Why Does DevOps Recommend Shift Left Testing Principles?

DevOps advocate for shift level testing principles for several reasons:
  • Cost is a primary driver to adopting shift left. The cost of correcting an error early in the software development process is significantly less than fixing it when code is in user acceptance testing or has been deployed to production.
  • Reliability is another essential feature of systems, but not one easily tested with unit or integration tests. Distributed systems, such as those built on , have components that can interact in complicated ways. Basic integration tests don’t have sufficient coverage to test the various execution paths through a distributed system. Integration tests don’t necessarily include a combination of input parameters and operating conditions, so more comprehensive test automation is used when testing for reliability.
  • Speed of delivery is another reason DevOps practitioners favor shift left testing. Since bugs and other problems can be caught early in the development process, they can be fixed faster. This helps enable a higher velocity of feature delivery since there’s no wait for user acceptance testing to find problems that could have been detected and addressed earlier in development workflows.
  • To help with security by detecting bugs and other kinds of errors early on to help reduce the vulnerable attack surface of applications. By starting with unit tests and building to comprehensive, integrated tests, you’re essentially probing the attack surface of an application, which is what attackers will often do, too. Shift left testing can help detect vulnerabilities earlier and prevent them from slipping through to production, where they can be exploited by malicious actors.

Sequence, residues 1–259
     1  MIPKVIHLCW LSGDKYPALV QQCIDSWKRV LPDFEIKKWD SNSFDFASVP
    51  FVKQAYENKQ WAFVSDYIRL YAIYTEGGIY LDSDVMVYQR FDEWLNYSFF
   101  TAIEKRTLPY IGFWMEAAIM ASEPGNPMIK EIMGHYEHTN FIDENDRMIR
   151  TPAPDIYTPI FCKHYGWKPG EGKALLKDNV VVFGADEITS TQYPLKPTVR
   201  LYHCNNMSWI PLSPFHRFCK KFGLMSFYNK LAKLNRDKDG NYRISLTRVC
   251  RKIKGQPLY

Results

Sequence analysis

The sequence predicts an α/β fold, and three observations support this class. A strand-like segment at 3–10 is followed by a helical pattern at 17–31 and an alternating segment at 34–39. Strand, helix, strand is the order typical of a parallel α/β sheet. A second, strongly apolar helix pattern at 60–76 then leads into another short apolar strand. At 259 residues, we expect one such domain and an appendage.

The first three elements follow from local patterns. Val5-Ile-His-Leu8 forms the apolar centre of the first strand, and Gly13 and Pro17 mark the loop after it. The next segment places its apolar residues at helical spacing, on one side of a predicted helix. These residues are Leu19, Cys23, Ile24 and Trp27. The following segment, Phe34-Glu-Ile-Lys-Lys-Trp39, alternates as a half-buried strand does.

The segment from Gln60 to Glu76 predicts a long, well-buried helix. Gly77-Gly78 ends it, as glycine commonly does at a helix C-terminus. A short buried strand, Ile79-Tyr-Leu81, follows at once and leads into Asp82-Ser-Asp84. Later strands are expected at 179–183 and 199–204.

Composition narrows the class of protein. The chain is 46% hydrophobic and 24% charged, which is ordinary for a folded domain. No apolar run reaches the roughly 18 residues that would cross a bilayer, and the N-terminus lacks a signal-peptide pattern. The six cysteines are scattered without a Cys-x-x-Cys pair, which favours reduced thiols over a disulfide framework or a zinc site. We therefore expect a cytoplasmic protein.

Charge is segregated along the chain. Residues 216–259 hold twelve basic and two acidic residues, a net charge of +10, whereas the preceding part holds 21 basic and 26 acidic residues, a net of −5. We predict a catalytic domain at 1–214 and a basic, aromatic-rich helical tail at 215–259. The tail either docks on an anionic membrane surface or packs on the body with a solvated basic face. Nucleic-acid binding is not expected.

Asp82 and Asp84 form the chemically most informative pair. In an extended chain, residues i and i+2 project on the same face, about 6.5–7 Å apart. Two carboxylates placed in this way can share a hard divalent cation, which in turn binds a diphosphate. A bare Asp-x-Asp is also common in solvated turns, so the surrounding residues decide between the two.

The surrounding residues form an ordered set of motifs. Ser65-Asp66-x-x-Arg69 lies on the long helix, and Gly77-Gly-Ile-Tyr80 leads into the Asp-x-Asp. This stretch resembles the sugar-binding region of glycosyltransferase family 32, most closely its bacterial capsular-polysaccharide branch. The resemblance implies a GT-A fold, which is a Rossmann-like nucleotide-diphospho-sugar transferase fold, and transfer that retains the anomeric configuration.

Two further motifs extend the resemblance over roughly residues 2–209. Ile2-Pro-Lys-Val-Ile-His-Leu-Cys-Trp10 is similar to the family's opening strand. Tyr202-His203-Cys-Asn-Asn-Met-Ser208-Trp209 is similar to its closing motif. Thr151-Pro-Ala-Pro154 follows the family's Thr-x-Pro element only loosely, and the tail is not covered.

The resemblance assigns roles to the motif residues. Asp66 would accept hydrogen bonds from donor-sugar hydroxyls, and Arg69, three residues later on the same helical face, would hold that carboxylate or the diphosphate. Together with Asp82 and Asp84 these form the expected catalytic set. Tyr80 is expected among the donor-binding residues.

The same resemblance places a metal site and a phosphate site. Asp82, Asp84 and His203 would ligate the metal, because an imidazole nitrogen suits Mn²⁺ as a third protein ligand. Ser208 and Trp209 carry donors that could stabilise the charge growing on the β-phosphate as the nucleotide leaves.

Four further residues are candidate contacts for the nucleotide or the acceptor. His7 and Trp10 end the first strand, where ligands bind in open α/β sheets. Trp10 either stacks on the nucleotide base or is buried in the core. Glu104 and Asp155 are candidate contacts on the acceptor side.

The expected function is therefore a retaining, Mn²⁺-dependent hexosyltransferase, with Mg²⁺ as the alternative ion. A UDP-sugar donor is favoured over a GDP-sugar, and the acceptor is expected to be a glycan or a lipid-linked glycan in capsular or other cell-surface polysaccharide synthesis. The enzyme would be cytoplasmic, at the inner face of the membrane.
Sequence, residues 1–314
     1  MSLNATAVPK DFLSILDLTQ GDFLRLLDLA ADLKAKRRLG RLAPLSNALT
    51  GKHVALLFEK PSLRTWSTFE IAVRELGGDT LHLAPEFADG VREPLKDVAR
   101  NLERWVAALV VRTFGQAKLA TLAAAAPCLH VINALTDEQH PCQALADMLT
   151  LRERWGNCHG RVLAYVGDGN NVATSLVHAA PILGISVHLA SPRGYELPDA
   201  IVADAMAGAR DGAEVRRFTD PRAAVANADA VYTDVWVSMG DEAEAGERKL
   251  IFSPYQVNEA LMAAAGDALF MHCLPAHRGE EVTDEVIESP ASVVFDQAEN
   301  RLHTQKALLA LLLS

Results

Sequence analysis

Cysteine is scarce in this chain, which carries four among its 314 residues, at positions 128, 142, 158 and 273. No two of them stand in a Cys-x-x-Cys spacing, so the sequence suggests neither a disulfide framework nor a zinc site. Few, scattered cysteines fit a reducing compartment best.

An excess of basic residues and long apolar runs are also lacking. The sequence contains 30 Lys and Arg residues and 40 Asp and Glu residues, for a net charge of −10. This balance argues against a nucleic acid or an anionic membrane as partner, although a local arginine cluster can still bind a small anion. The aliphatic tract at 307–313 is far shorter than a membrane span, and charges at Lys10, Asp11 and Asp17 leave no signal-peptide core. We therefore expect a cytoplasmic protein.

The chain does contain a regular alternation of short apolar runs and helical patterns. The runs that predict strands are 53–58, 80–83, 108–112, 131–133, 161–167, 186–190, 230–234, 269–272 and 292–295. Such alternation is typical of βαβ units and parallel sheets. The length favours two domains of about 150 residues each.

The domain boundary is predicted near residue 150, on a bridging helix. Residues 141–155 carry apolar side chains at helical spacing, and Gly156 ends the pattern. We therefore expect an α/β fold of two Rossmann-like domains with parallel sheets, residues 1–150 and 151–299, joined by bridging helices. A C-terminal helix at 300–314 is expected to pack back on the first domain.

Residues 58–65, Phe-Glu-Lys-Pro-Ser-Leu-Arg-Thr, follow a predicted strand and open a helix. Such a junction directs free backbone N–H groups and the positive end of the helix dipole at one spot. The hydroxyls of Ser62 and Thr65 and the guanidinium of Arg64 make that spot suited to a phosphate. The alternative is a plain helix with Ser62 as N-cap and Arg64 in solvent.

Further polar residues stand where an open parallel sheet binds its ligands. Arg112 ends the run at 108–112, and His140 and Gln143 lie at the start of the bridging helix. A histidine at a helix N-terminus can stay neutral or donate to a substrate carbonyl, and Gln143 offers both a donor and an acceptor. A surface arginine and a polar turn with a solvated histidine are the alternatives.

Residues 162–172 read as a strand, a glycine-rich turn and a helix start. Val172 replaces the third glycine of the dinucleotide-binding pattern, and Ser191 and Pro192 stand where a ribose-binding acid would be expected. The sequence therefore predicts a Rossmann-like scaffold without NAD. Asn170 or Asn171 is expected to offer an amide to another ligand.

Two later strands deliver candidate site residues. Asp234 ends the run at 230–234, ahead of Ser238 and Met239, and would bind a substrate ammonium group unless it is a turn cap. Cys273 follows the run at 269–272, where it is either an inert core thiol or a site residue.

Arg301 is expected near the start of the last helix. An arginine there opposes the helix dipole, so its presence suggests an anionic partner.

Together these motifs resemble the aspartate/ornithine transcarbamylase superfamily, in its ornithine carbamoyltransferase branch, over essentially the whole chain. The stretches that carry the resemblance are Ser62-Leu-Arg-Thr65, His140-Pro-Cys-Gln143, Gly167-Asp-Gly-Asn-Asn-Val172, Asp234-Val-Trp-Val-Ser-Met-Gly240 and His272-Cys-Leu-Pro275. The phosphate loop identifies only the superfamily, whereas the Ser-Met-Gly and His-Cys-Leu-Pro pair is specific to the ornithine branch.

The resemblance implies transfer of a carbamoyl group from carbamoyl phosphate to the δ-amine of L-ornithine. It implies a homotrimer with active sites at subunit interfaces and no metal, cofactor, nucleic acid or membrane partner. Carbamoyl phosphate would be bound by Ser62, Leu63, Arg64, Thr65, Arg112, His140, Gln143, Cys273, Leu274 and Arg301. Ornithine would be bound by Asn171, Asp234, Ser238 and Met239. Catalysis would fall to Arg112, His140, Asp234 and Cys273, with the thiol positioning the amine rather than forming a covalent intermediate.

Can Shift Left Go Too Far?

So, back to my initial question: can shift left lead to too much of a good thing? I doubt it—the whole point of shift left testing is to catch problems and errors earlier instead of later because it can help save time and money while streamlining the software development lifecycle. If we expect too much testing too early, we could, in theory, impose unnecessary friction on developers. However, in practice, this is highly unlikely, given the value of finding errors early on.

How Observability Can Help DevOps With Shift Left Testing

Similar to how shift left has evolved the way we test during software development, observability can be understood as an evolution of the single, timed-based output traditional monitoring tools are built to provide. By synthesizing and analyzing multiple outputs from individual components, observability can not only help you understand what has changed over time but also the health across your systems. Since today’s applications are highly modularized, gaining this single pane-of-glass view can be key to understanding the dependencies between application performance, user experience, and the overall environment required for modern application architecture. SolarWinds® Observability provides comprehensive and integrated data built to go beyond logs, metrics, and traces to include insights from the network, database, cloud, and other crucial systems. With the ability to provide a fuller picture of performance, SolarWinds Observability can help organizations better understand how services are functioning and solve problems faster with automation features designed to help deliver optimal user experience.
Dan Sullivan
Dan Sullivan is a principal engineer and architect specializing in cloud architecture, data engineering, and analytics. He has designed and implemented solutions for a wide…